ICI Exhibition Booklet - Flipbook - Page 11
Materials World: 1930s and beyond
‘Today you have soft seats all over the house; when I was a lad, you didn’t. They were too
expensive, or they didn’t last, or the springs came through’
– Reg Hurd, ICI chemist, on flexible foams
Perspex: from Spitfires to Bathtubs, strenthening links between research, production, and sales
Despite the discovery of polythene in 1933, ICI’s plastics division was still in its infancy at the outbreak of the First World War, with only one
product of real promise in production: transparent sheets made from polymerised methyl methacrylate (MMA) or ‘Perspex’. Its famous wartime
role as the material for aircraft canopies was in fact the spur for its invention. In the early 1930s, the designer of the new fighter plane was
looking for a suitable transparent material for the cockpit canopy.
‘Glass was suicidal and celluloid had terrible problems of opacity’
– Reginald Mitchell, Spitfire designer
MMA was a known substance at this time but its production was expensive and difficult. Its commerical viability only came about because
of a synthetic pathway developed by ICI chemist, Dr John Crawford, working in the explosives divsion at Ardeer in 1932 (although it was
an abandoned works hockey game on a rainy Saturday afternoon that led to success in his own garden shed!). Perspex was registered on 16
November 1934 and first incorporated into the new Spitfire in 1936. The war brought about a transformation in the coordination of ICI’s plastics
industry, with Perspex manufacture beginning in 1937 at Billingham. 50 tonnes were produced and a gross trading profit of £6,000 made,
roughly one third of the total profit for all ICI plastics. As the threat of war increased, so did ICI’s efforts to bring all its plastics operations under
one umbrella, formally constituting the Plastics Group in March 1938. Plastics were finally recognised as the basis for profitable businesses.
At the end of the war, the demand for Perspex fell and ICI had to re-evaluate its resources. It soon became apparent that the only way to establish
a place for Perspex was to use ICI’s vast research, production, and sales resources to enable the product’s development into emerging post war
markets. Perspex was marketed ‘as you like it’ – to be reformed by the buyer to the purpose. The Royal College of Art was contracted to ‘produce
ideas for the further exploitation of Perspex as a medium for signs’, creating a myriad of new uses, from light fittings to sculptures.
The first Perspex baths were conceived in Australia in 1948; although the legend in the trade is that the idea came about during the war when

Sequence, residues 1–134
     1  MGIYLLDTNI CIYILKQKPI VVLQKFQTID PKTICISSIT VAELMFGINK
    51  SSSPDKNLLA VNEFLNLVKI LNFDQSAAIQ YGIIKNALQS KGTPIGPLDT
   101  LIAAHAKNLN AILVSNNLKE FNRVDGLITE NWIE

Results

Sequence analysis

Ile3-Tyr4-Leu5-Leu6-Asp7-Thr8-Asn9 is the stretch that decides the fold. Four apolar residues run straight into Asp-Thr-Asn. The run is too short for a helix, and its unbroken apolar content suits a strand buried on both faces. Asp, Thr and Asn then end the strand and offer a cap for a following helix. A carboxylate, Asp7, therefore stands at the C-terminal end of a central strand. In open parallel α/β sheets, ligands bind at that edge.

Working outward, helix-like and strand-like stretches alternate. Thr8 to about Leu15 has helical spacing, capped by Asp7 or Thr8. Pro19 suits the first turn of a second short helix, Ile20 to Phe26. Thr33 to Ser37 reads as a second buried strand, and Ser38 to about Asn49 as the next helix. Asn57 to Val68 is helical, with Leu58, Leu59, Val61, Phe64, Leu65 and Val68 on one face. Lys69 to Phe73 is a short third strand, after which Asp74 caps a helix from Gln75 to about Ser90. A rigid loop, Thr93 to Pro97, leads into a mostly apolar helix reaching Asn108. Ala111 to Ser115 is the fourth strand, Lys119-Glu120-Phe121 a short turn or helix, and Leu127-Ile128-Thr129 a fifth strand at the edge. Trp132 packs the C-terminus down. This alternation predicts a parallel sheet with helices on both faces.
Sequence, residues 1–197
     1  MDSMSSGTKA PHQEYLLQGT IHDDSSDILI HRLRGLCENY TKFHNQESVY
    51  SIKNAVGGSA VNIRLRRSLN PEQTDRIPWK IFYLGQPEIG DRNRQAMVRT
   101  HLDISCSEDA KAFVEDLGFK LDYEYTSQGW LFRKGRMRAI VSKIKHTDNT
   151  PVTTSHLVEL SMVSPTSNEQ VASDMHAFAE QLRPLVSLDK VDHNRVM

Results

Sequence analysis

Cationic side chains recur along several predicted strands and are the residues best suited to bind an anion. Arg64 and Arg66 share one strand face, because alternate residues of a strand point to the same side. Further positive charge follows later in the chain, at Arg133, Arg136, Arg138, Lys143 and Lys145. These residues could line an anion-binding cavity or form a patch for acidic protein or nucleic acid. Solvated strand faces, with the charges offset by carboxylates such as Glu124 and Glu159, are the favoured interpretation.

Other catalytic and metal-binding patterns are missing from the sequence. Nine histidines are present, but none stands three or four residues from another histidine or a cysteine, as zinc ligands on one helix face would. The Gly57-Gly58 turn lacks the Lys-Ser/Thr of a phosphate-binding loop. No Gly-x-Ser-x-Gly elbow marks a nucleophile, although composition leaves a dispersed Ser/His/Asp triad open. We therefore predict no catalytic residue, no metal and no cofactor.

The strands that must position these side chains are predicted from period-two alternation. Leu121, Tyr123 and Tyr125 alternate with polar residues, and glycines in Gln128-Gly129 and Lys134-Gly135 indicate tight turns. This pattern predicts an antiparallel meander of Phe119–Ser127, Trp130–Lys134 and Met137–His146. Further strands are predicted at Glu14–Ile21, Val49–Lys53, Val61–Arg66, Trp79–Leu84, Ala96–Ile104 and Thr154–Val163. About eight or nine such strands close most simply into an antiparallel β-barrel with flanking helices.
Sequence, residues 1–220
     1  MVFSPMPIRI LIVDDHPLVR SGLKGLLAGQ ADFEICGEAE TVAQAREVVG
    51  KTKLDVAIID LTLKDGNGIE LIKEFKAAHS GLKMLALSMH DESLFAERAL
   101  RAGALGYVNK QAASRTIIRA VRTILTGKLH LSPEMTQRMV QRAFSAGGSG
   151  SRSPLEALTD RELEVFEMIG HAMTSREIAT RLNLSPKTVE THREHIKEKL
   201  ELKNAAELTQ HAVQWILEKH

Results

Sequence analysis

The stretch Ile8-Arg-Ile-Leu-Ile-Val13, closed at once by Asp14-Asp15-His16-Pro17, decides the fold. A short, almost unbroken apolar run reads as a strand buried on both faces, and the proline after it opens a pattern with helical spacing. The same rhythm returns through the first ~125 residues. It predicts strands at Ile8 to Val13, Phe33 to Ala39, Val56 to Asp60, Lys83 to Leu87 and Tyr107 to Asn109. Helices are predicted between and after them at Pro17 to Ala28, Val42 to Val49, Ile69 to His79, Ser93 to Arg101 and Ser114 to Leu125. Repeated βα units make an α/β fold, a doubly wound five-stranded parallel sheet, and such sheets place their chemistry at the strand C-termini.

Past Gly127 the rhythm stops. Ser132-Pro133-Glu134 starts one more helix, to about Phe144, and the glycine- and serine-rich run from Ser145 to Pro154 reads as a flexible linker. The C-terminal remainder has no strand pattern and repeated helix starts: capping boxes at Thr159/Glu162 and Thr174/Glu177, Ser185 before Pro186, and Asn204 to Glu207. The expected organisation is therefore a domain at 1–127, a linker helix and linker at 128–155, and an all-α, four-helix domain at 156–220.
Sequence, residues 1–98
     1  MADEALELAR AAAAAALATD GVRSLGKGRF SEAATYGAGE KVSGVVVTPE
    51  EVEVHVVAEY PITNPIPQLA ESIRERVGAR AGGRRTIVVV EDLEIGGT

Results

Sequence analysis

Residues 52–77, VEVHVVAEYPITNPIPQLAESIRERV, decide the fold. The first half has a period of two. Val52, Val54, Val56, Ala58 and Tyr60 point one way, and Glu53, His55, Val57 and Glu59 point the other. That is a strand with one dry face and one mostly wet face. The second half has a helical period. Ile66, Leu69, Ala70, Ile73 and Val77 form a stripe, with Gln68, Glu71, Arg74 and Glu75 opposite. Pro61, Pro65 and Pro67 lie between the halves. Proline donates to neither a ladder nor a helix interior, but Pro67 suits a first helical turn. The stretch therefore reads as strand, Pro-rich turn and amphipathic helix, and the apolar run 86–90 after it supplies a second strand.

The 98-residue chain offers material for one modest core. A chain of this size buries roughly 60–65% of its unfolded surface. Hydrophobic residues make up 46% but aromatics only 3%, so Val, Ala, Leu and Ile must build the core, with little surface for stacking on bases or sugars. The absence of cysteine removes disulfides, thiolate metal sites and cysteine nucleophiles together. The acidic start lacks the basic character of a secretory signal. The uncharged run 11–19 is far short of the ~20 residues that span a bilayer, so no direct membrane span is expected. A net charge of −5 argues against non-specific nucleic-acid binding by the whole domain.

a soldier inverted a Spitfire canopy and used it it to bathe himself!
Refrideration revolution: MDI foams
Rigid foams were initially used during the war for insulation of rockets,
aircraft and vehicles, in the form of TDI foams – a highly toxic material.
The toxicity problem was circumvented in the 1950s by ICI’s Reg Hurd,
working with the Dyestuffs group. Hurd proved that MDI could be made
into a non-toxic foam – previously believed to be impossible – to replace
The timing of the discovery was crucial, as the world was beginning a
boom in refrigeration of cargo ships, creating a need for improved
insulation. MDI met the requirements and revolutionised refridgeration,
expanding the availablity of food worldwide and transforming home
The first polyester: Terylene
Polyester, the synthetic fibre that opened
for an ‘easy care’ revolution in clothing, was
presented to ICI in 1941 by two chemists from a
small Manchester company, the Calico Printers’
ICI recoginised its potential, despite intially being
presented with ‘just a few grams of dirty looking stuff
Teryelene pushed ICI into the fibres business. That
move, in combination with the plastics industry,
transformed British society in the 1950s and 1960s.
Multiple SCI members in the materials world also have connections with
ICI, including Sir Geoffrey Allen, SCI President 1989–1991.
Dr John Crawford, who enabled the commercialisation of Perspex, published
numerous works through SCI, including his 1945 paper on ‘The production
of substituted acrylic acids from keton cyanohydrides’. In retirement, Dr
Crawford was sought after by a major American plastics corporation for
assistance with a new manfucturing plant. After being repeatedly asked to
join the project, he gave his final answer: ‘No, I’ve got a fence to build!’.